Experience with the federal employment discrimination laws has culminated in the division of disparate treatment suits into three classes: pure discrimination, pretext, and mixed-motives cases.*fn5 McDonnell Douglas Corp. v. Green, 411 U.S. 792, 93 S. Ct. 1817, 36 L. Ed. 2d 668 (1973), as embellished by Texas Department of Community Affairs v. Burdine, 450 U.S. 248, 101 S. Ct. 1089, 67 L. Ed. 2d 207 (1981) and St. Mary's Honor Center v. Hicks, 125 L. Ed. 2d 407, 113 S. Ct. 2742 (1993), establishes a flexible three-part model to allocate the shifting burdens of production in the first two classes of individual disparate treatment cases (pure discrimination and pretext). Price Waterhouse v. Hopkins, 490 U.S. 228, 109 S. Ct. 1775, 104 L. Ed. 2d 268 (1989) supplies the procedure for proving intentional discrimination in mixed-motives cases. Numerous opinions of this Court have explained the evidentiary regimes that the McDonnell Douglas /Burdine /Hicks line of cases and Price Waterhouse have established, but for the benefit of the untutored reader we summarize them in the margin.*fn6

B. Other Circuits' Approaches to After-Acquired Evidence

The courts of appeals have grouped into two primary (albeit splintered) camps regarding the relevancy of after-acquired evidence of resume and/or application fraud or employee misconduct on the job.*fn7

1. Courts Finding After-Acquired Evidence May Bar Liability

The Tenth Circuit formed the first camp with its seminal Summers decision. Summers held that after-acquired evidence, at least if material, bars all relief and hence effectively operates as a complete defense to liability. Based on after-acquired evidence of Summers' rampant on-the-job misconduct,*fn8 State Farm moved for summary judgment to diminish the relief Summers could recover were he to prevail at the liability phase of trial. See Summers, 864 F.2d at 702-03. The Tenth Circuit held that the after-acquired evidence of Summers' on-the-job misconduct would not only limit Summers' remedies, but, by precluding Summers from any relief, the evidence would effectively avert State Farm's liability.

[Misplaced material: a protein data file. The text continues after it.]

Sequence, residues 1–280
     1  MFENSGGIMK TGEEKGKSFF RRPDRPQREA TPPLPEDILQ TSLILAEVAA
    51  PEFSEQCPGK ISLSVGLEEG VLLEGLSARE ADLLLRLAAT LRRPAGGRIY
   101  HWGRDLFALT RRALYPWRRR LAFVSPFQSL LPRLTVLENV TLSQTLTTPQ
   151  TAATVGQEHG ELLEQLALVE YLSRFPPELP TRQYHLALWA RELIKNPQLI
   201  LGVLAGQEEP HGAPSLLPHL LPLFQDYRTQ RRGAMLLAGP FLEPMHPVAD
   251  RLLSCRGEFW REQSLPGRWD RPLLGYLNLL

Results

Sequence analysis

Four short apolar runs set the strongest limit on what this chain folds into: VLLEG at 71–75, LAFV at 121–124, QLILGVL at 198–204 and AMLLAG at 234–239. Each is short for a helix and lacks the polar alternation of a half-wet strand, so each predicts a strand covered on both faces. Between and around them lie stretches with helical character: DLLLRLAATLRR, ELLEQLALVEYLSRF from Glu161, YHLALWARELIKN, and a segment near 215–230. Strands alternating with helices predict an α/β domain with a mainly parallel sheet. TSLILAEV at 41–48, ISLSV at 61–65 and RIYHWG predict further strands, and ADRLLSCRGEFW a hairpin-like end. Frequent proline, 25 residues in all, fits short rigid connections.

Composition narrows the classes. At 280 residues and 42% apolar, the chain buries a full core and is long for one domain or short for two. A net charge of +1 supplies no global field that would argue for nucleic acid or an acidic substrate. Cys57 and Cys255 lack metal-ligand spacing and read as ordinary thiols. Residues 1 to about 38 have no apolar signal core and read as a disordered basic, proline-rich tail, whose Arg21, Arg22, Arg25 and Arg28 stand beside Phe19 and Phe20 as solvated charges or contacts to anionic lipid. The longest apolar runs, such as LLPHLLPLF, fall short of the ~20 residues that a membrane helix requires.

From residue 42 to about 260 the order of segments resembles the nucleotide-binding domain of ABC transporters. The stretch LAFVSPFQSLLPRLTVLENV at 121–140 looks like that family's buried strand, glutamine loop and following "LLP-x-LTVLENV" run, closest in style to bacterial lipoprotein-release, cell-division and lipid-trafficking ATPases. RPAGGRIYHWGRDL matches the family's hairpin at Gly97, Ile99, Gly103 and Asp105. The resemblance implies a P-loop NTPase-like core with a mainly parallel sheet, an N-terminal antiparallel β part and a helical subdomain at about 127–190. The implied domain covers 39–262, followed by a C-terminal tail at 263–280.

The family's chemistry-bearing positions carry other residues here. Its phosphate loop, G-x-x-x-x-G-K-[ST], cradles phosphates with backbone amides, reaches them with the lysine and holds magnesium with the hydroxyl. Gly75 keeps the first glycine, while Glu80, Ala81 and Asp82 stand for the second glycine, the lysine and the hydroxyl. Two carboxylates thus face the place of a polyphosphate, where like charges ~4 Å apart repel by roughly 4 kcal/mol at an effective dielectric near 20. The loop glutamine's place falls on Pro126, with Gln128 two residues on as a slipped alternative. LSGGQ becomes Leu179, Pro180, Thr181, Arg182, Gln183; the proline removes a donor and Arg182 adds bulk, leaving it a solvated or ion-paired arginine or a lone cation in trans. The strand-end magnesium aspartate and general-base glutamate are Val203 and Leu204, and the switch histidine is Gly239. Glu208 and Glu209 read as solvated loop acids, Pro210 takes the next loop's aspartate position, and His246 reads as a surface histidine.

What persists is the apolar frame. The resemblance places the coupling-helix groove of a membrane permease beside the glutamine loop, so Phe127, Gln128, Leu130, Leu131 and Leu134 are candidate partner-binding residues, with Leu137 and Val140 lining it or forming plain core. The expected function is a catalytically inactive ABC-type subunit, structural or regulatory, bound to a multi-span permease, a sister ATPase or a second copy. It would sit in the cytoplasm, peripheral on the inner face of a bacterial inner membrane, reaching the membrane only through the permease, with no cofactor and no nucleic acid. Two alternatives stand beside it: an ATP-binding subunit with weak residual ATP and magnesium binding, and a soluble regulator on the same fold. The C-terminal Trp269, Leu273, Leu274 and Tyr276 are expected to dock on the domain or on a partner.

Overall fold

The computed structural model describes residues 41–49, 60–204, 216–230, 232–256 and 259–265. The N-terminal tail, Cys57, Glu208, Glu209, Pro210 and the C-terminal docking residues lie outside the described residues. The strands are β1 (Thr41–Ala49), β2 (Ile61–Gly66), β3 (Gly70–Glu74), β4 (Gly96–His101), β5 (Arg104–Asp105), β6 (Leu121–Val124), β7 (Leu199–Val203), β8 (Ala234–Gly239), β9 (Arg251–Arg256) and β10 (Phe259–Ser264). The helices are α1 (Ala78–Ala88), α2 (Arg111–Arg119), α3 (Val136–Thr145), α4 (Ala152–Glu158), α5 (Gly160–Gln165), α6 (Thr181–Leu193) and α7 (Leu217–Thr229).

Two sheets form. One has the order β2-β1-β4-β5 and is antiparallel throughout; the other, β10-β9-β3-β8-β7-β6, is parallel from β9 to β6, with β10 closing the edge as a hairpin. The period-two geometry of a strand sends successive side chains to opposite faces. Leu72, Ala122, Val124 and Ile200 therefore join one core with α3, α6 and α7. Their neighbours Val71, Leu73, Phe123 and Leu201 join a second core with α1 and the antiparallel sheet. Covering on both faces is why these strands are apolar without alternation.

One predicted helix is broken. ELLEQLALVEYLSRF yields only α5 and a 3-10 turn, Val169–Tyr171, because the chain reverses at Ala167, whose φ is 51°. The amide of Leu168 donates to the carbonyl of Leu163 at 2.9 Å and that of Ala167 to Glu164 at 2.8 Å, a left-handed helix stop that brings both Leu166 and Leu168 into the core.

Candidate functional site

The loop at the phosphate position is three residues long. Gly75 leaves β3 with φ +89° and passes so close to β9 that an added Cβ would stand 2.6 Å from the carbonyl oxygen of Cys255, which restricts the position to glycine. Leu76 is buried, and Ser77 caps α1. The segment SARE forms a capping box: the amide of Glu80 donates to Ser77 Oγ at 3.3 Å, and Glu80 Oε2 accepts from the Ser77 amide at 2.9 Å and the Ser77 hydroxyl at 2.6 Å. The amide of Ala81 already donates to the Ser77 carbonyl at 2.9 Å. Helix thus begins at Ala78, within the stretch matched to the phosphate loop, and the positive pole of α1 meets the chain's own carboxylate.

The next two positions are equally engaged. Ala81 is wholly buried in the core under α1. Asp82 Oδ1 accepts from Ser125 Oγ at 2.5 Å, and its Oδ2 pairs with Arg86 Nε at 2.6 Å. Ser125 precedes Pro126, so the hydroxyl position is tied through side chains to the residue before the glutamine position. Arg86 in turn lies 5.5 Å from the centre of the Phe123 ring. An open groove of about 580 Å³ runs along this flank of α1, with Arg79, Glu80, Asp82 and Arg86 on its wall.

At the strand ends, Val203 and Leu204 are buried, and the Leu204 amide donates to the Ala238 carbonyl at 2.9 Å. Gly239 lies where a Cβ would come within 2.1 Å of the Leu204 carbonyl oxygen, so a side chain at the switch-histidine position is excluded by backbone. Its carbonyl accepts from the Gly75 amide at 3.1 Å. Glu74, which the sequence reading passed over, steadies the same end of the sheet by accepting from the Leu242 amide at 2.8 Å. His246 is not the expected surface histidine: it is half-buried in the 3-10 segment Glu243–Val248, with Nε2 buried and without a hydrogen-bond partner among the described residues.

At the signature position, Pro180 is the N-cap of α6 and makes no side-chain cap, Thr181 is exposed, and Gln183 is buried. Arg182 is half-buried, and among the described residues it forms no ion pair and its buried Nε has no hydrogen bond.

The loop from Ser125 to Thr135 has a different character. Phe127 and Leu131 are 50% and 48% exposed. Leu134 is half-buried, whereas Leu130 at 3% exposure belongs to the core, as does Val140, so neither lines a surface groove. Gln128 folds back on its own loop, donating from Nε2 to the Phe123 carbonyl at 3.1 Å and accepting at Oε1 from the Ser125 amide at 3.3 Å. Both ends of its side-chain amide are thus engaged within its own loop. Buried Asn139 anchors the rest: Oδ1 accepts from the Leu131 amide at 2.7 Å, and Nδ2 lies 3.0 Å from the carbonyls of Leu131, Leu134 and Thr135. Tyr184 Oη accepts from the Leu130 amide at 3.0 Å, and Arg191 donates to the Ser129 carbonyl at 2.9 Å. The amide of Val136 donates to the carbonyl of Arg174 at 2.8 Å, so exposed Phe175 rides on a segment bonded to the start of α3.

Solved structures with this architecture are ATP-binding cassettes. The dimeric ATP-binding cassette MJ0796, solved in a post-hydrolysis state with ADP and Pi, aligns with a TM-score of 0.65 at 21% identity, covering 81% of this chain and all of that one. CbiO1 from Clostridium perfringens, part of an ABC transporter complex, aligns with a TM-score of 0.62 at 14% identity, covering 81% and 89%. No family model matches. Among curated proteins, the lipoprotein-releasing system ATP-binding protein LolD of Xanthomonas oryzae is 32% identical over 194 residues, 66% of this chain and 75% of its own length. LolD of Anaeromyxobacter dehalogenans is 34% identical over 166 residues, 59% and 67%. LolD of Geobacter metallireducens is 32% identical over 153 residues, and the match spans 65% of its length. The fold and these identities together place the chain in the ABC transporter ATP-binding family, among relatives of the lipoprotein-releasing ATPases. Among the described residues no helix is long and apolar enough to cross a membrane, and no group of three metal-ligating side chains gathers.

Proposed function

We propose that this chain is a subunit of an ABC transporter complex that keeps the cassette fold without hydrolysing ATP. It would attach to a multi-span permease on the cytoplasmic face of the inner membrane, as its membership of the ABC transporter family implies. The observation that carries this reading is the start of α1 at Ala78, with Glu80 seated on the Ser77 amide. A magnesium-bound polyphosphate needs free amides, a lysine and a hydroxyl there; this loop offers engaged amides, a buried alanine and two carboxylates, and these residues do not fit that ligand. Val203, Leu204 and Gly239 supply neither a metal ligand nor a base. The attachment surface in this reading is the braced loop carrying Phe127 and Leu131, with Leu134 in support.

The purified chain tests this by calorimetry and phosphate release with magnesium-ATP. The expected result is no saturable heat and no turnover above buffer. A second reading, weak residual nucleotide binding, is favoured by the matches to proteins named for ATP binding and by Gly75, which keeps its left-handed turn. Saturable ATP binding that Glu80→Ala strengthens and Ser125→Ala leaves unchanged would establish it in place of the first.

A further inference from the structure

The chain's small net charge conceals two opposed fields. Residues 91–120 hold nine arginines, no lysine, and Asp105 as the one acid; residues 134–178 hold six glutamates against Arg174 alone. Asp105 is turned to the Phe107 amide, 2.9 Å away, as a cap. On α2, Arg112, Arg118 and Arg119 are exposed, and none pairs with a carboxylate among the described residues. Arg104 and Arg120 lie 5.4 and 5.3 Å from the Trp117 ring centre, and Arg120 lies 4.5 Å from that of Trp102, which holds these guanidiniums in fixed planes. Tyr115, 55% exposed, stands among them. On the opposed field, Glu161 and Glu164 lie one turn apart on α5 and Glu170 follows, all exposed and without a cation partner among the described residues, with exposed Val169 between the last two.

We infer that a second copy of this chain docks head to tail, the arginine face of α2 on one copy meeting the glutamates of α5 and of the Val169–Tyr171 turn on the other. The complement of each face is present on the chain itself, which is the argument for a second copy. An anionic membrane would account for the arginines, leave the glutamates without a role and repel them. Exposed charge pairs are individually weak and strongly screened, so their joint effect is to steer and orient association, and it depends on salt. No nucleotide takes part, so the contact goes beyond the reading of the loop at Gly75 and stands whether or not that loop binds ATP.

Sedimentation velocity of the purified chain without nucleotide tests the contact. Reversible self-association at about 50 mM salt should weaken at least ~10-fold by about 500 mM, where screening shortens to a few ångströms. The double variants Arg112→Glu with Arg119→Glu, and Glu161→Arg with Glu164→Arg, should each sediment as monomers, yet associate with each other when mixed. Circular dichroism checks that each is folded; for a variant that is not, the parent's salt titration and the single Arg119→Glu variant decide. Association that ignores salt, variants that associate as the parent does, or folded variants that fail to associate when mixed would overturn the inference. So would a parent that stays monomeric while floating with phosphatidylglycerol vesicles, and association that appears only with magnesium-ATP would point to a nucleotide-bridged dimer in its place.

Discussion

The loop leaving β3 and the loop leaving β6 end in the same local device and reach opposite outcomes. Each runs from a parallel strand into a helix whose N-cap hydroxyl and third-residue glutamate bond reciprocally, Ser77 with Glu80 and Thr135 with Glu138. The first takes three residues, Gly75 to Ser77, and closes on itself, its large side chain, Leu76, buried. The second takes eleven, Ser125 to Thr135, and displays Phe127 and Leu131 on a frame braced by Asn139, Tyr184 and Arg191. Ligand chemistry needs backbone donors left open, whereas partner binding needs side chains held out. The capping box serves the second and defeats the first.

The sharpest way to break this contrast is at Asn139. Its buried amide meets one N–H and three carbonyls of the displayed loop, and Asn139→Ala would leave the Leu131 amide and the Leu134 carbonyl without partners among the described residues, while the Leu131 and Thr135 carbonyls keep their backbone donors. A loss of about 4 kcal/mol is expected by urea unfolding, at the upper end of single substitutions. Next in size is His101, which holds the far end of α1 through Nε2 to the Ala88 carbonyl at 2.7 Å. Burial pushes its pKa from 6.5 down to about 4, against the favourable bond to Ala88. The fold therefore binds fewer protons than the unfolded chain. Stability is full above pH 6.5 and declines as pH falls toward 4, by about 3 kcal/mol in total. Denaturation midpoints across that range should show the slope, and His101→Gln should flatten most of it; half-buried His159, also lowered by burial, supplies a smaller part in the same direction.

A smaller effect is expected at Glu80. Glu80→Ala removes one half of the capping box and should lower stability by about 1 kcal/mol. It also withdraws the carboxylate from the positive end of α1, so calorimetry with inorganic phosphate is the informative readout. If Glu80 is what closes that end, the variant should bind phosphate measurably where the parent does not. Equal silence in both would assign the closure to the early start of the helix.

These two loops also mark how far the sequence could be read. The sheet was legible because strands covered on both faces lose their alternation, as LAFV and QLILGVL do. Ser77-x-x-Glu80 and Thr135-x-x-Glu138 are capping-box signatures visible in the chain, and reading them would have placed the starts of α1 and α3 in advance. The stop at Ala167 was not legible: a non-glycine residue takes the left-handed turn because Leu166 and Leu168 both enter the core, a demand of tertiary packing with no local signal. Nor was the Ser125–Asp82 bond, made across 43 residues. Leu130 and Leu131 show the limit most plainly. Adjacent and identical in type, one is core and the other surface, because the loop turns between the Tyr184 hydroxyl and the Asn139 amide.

The court understood that technically McDonnell Douglas presupposed that a defendant could avert liability only with a legitimate, nondiscriminatory motive known to the employer at the instant of its actions. See id. at 705. Yet it reasoned -- apparently because State Farm would have fired him had it known of his transgressions -- that "while . . . after-acquired evidence cannot be said to have been a 'cause' for Summers' discharge in 1982, it is relevant to Summers' claim of 'injury,' and does itself preclude the grant of any present relief or remedy to Summers." Id. at 708. The court likened the plaintiff's situation to a "masquerading doctor," meaning one who was not really a doctor but who had pretended to be one, discharged for discriminatory reasons, who "would be entitled to no relief." Id.